Colorado College Professor of Physics Natalie Gosnell says her field is steeped with “violent” and “hypermasculine” language to describe space.
Gosnell said, “[A]s an astrophysicist, I’m a product of institutions that are steeped in systemic racism and white supremacy,” in an interview with Colorado College News about her new art piece.
“The tenets of white supremacy that show up [in physics] of individualism and exceptionalism and perfectionism … it’s either-or thinking, and there’s no subtlety, there’s no gray area. All of this manifests in the way that we think about our research, and what counts as good research, what counts as important research,” Gosnell added.
Professor Natalie Gosnell also objected to “metaphors” that she believes are “violent” and “hypermasculine” bias. The article mentions examples of this “violent, hyper-masculine lens” as the “Vampire Star” and “Cannibal Star.” https://t.co/9tthc22Tkr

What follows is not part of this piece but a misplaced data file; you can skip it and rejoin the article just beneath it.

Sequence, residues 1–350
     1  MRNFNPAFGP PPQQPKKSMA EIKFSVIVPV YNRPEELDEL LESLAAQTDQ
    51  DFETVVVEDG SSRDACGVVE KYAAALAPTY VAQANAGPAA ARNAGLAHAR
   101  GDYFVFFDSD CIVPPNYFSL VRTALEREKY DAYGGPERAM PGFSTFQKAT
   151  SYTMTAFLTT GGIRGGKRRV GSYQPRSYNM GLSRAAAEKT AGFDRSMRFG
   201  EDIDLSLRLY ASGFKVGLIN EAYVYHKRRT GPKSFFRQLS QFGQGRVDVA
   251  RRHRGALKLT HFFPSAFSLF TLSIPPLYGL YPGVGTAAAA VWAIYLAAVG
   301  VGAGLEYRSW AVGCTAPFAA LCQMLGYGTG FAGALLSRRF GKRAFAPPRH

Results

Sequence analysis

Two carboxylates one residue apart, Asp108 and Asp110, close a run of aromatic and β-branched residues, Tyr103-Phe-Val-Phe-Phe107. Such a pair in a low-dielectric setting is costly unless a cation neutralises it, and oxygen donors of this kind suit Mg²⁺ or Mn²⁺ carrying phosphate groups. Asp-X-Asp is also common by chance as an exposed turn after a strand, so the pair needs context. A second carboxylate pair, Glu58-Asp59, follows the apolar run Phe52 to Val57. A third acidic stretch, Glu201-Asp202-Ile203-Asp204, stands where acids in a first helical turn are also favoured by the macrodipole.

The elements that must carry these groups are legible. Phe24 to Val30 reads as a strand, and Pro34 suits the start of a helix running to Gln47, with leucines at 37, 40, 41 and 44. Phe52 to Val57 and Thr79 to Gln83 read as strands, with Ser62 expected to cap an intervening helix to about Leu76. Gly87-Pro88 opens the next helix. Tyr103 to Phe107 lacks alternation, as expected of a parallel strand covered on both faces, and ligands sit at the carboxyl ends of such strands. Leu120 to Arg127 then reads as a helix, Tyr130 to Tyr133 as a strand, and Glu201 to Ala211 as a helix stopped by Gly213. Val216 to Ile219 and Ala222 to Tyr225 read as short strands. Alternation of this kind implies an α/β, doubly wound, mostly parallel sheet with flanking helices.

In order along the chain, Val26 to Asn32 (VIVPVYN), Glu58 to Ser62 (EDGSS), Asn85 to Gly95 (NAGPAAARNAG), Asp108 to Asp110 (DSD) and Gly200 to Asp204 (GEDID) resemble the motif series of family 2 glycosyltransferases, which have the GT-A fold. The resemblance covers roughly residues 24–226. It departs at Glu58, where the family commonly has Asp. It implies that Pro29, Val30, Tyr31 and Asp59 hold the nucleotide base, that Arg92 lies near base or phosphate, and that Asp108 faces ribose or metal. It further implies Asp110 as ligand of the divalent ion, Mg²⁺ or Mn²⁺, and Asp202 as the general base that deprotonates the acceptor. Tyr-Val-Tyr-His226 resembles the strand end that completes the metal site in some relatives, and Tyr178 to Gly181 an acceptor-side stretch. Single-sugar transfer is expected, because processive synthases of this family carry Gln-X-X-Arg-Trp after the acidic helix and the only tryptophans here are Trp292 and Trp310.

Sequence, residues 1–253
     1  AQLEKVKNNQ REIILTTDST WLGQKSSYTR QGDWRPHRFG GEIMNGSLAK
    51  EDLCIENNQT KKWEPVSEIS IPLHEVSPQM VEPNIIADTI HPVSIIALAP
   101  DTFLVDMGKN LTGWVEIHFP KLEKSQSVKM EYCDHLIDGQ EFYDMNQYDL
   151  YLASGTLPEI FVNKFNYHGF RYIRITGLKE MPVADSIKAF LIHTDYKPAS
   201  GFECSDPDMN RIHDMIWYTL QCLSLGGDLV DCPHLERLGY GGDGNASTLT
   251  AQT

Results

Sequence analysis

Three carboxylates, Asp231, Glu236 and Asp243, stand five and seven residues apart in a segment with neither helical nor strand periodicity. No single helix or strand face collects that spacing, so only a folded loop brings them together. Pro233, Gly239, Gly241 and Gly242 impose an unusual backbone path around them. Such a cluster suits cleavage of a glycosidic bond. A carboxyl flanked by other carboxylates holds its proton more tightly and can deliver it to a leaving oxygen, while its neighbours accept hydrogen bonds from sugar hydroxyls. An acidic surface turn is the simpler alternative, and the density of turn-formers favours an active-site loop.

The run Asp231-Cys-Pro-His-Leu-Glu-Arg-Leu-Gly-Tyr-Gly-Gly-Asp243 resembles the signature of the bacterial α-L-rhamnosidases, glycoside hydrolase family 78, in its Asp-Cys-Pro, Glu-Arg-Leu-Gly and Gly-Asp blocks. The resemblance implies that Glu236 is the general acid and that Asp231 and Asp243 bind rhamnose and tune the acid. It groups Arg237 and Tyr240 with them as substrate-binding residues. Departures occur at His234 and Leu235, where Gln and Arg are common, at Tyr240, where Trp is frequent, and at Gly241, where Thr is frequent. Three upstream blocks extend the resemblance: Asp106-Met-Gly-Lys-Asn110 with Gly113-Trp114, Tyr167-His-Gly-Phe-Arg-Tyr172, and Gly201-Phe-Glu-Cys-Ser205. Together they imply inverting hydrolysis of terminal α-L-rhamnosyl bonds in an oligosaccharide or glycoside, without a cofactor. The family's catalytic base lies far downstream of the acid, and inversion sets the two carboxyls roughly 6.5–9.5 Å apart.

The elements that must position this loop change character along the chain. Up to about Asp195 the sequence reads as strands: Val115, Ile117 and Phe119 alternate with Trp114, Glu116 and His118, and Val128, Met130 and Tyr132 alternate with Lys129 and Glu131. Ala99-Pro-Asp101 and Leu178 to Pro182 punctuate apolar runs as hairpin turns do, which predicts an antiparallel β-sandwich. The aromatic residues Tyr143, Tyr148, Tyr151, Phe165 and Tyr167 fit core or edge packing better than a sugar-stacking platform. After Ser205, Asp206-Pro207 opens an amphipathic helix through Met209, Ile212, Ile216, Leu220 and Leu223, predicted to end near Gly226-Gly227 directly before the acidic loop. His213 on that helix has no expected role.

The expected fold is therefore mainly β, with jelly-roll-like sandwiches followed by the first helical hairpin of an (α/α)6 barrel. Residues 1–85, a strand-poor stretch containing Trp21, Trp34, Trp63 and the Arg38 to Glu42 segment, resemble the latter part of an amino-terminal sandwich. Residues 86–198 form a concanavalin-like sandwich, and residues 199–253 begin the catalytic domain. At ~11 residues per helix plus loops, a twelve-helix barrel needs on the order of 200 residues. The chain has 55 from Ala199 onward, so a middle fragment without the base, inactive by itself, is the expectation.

— Jonathan Turley (@JonathanTurley) January 15, 2023
Her art project, titled “The Gift,” tells the story of a dying star transferring its materials to a neighboring star to make it shine brighter than ever before. It’s designed to critique the “hyper-masculine” lens of the mass-transfer process, based on the receiving star’s label as a “Vampire” or “Cannibal” star. (RELATED: Trans ‘Gender Recognition’ Bill Throws Country Into Chaos As Critics Fear For Women’s Safety In Jails, Bathrooms)
“I think because science and art have been so separated, and there’s […] systemic issues within science, the metaphors that are often chosen [to discuss science] are very violent and hyper-masculine,” Gosnell continued in the interview.
The Gift is a 10-minute immersive experience featuring a picture book and other visual stimuli inside a music-filled room. Artists Janani Balasubramanian and Andrew Kircher worked with Gosnell on the project, which debuted at the New York Public Library (NYPL) on Dec. 10.
Gosnell’s research is focused on the blue straggler binary star systems, according to her archived Colorado College page. She obtained her PhD in astronomy from the University of Wisconsin and received the prestigious Cottrell scholar award to support her research.